* Mann-Whitney U test.

?? Chi-square test.

possibility of using ethyl chloride spray for this purpose in arterial blood gas sampling.

Unlike our results, there are studies reporting no significant differ- ence in patients’ self-perceived pain between the arterial blood gas anal- ysis procedures performed with and without ethyl chloride [9,10]. Similarly, some studies suggest that subcutaneous amines and vaporized ethyl chloride have no significant difference as anesthetic agents in pain perception during arterial blood gas sampling [11,12]. We consider that the reason why our results were different from previous studies is that the effect of cryoanalgesic applications is more superficial and involves individual differences due to cold application. Because the cryoanesthetic effect of ice should be less effective and result in a long time [13].

To date, other therapeutic strategies have also been explored to re- duce iatrogenic pain associated with arterial puncture [8,14-16]. Among these strategies, it is mentioned that subcutaneous amines and lidocaine spray have anesthetic effects. All of these strategies are studies aimed at reducing patient pain for anesthesia purposes in arterial blood gas sampling. Because reducing the pain of patients is important for pa- tient comfort. Therefore, the use of ethyl chloride spray as an anesthetic in residual blood gas sampling can be added to these strategies.

Most patients experience sharp pain during interventions per- formed on the skin [17]. In our study, the patients in the placebo group mostly reported feeling sharp pain while those in the ethyl chlo- ride spray mostly experienced dull pain. This once again proves the an- algesia effect of ethyl chloride spray.

  1. Conclusion

In this study, the topical anesthetic effect of ethyl chloride spray was demonstrated in arterial blood gas sampling compared to a placebo.

Therefore, the use of ethyl chloride spray can both increase comfort and reduce pain in patients undergoing arterial blood gas sampling at the emergency department.

  1. Limitation

There are some limitations to our study. First concerns the measure- ment tool used to assess pain. Although the VAS scale is accepted as a valid and reliable tool, since pain perception varies from one patient to another, the VAS scores obtained from the study were patient- dependent. In other words, patients with different pain thresholds were questioned. Second, arterial blood gas sampling procedures that were successful at the first or second attempt were included in the study. There may have been a difference in pain experiences of patients for whom the procedure was successful at the first or second attempt.

Funding

None.

Credit authorship contribution statement

Fatma Cakmak: Writing – review & editing, Visualization, Resources, Data curation. Ali Gur: Writing – review & editing, Writing – original draft, Visualization, Supervision, Methodology, Conceptualization.

Declaration of Competing Interest

The authors declare no conflicts of interest.

References

  1. Giner J, Casan P, Belda J, Gonz’alez M, Miralda RM, Sanchis J. Pain during arterial puncture. Chest. 1996;110(6):1443-5.
  2. Grupo de trabajo de la SEPAR para la practica de la gasometria arterial.Gasometria arterial. Arch Bronconeumol. 1998;34:142-53.
  3. Tran NQ, Pretto JJ, Worsnop CJ. A randomized controlled trial of the effectiveness of topical amethocaine in reducing pain during arterial puncture. Chest. 2002;122: 1357-60.
  4. Godoy R, Lopez P, Ruano N, Perez A, Sanchis D. Accion de la pomada anestesica EMLA en gasometrias arteriales. Rev Patol Respir. 2010;13:69-72.
  5. Zappa SC, Nabors SB. Use of ethyl chloride topical anesthetic to reduce procedural pain in pediatric oncology patients. Cancer Nurs. 1992;15:130-6.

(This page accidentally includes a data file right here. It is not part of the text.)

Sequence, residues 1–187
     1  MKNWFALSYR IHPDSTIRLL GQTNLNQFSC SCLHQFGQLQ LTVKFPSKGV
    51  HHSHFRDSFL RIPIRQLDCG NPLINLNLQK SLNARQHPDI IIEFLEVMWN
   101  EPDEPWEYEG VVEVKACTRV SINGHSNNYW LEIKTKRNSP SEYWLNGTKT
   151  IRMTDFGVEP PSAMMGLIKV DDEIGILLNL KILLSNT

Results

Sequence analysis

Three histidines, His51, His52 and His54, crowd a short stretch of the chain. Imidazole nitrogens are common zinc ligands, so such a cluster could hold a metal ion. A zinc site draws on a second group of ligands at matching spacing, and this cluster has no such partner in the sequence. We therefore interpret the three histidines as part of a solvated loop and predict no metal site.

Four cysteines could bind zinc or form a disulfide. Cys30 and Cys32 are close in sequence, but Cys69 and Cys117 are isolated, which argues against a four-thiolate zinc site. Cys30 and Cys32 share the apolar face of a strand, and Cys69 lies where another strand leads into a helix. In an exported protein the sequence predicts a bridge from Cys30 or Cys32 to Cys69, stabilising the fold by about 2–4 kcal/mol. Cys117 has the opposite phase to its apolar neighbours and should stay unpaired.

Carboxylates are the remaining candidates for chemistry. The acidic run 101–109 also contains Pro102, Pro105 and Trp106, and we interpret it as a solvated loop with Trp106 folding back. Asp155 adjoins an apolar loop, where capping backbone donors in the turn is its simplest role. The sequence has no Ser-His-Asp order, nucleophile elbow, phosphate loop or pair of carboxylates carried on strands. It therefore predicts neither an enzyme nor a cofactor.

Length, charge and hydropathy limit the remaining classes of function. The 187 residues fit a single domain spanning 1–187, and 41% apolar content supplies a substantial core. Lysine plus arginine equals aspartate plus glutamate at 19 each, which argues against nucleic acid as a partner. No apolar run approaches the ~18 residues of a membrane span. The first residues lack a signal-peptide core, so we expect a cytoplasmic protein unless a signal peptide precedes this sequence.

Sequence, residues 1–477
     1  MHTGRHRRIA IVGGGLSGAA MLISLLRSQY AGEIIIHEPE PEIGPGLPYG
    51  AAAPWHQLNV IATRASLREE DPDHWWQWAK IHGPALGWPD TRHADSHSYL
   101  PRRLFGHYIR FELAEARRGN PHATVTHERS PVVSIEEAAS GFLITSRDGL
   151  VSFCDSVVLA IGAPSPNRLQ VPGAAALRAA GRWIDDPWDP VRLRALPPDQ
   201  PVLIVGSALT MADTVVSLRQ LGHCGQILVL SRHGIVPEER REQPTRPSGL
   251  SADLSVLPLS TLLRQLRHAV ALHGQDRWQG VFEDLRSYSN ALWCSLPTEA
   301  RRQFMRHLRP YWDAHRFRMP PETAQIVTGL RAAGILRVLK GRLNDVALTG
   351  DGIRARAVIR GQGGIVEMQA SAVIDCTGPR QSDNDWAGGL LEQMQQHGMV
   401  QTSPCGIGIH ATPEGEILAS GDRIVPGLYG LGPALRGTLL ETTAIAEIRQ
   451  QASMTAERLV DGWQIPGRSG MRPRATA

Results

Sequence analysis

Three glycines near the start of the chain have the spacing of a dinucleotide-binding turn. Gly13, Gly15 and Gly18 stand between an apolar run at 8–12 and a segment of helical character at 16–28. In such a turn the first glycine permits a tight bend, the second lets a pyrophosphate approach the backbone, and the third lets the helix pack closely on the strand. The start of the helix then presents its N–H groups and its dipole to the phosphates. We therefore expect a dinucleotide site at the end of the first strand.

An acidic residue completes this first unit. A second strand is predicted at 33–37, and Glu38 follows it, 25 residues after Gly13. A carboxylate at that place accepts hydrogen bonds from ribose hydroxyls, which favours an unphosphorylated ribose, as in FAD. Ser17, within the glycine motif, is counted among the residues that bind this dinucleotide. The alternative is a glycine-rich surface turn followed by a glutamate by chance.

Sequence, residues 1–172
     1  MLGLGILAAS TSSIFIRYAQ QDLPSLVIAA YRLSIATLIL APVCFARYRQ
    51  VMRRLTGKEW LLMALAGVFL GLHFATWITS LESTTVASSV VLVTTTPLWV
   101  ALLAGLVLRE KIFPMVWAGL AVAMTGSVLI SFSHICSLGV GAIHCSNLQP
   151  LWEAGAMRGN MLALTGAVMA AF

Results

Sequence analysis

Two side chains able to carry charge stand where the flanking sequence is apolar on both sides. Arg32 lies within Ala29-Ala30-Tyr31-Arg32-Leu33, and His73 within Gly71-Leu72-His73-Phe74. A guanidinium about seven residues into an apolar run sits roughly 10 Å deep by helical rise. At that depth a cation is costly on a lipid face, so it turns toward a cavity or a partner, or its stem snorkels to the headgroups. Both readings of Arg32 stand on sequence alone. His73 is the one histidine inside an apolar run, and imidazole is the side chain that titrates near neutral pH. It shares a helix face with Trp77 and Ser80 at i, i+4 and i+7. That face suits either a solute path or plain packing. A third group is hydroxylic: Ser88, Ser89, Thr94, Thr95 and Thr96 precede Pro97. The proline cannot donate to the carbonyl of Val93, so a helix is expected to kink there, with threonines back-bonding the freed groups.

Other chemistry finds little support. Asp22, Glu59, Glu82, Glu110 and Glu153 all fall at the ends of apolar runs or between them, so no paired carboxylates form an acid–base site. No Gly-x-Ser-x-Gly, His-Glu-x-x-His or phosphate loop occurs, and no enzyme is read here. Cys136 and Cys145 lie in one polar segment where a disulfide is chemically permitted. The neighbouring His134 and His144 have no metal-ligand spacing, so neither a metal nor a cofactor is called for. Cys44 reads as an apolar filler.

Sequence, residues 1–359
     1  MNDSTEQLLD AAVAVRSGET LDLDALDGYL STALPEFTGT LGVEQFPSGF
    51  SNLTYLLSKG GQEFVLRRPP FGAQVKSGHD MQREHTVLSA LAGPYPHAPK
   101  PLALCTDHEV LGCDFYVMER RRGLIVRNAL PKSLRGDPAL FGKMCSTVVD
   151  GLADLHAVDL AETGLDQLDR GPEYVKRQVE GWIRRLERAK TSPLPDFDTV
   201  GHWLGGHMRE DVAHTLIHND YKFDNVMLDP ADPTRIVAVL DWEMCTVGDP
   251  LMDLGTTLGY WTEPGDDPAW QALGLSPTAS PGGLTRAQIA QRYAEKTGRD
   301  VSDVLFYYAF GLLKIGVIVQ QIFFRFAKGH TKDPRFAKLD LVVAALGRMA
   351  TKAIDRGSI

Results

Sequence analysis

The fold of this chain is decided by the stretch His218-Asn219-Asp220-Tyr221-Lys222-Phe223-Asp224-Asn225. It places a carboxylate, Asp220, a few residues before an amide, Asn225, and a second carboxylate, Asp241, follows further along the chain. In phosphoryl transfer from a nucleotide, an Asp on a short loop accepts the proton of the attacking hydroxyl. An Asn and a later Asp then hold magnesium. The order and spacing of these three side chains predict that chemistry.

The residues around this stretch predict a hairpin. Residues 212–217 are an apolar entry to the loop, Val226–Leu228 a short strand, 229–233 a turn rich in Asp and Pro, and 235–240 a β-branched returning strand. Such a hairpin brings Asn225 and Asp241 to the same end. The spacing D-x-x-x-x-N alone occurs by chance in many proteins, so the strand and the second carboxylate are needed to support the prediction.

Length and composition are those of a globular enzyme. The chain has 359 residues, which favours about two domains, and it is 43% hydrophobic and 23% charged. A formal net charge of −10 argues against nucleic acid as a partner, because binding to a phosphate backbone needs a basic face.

6. Haynes JM. Randomized controlled trial of cryoanalgesia (ice bag) to reduce pain associated with arterial puncture. Respir Care. 2015;60:1-5.
  7. Bastami M, Azadi A, Mayel M. The use of ice pack for pain associated with arterial punctures. J Clin Diagn Res. 2015;9 JC07-9.
  8. Gur A, Tekin E. 10% Lidocaine spray as a local anesthetic in blood gas sampling: a randomized, double-blind, placebo-controlled study. Am J Emerg Med. 2021;49: 89-93.
  9. France JE, Beech FJ, Jakeman N, Beger JR. Anaesthesia for arterial puncture in the emergency department: a randomized trial of subcutaneous lidocaine, ethyl chlo- ride or nothing. Eur J Emerg Med. 2008;15:218-20.
  10. Pena SB, Aedo IF, De La Hoz GV. Ethyl chloride aerosol spray for local anesthesia be- fore arterial puncture: randomized placebo-controlled trial. Emergencias. 2017;29 (3):161-6.
  11. Rusch D, Koch T, Seel F, Eberhart L. Vapocoolant spray versus lidocaine infiltration for Radial artery cannulation: a prospective, randomized, controlled clinical trial. J Cardiothorac Vasc Anesth. 2017;31:77-83.
  12. Jofre-Valls M, Mota-Casals S, Gomez-Melus N, Pla-Surina A, Anglada-Miraben N, Pi- Gallostra M. Analisis de la eficacia del cloruro de etilo en aerosol frente a mepivacaina subcutanea como anestesico para lapuncion arterial. Resultados preliminares. Madrid: 45 Congreso Nacional de la Sociedad Espanola de Neumologia y Cirugia Toracica; 2012..
  13. McSwain SD, Yeager BE. Is there an easy, effective, efficient, and inexpensive tech- nique to reduce pain of arterial punctures? Respir Care. 2015;60:141-3.
  14. Ibrahim I, Yau YW, Ong L, Chan YH, Kuan WS. Arterial puncture using insulin needle is less painful than with standard needle: a randomized crossover study. Acad Emerg Med. 2015;22:315-20.
  15. Patout M, Lamia B, Lhuillier E, Molano LC, Viacroze C, Benhamou D, et al. A random- ized controlled trial on the effect of needle gauge on the pain and anxiety experi- enced during radial arterial puncture. PLoS One. 2015;10:e0139432.
  16. Bobbia X, Grandpierre RG, Claret PG, Moreau A, Pommet S, Bonnec JM, et al. Ultra- sound guidance for radial arterial puncture: a randomized controlled trial. Am J Emerg Med. 2013;31:810-5.
  17. Datemaa Joris, Veldhuisa Jeroen, Bekhofb Jolita. Lidocaine spray as a local analgesic for intravenous cannulation: a randomized clinical trial. Eur J Emerg Med. 2019; 26:24-8.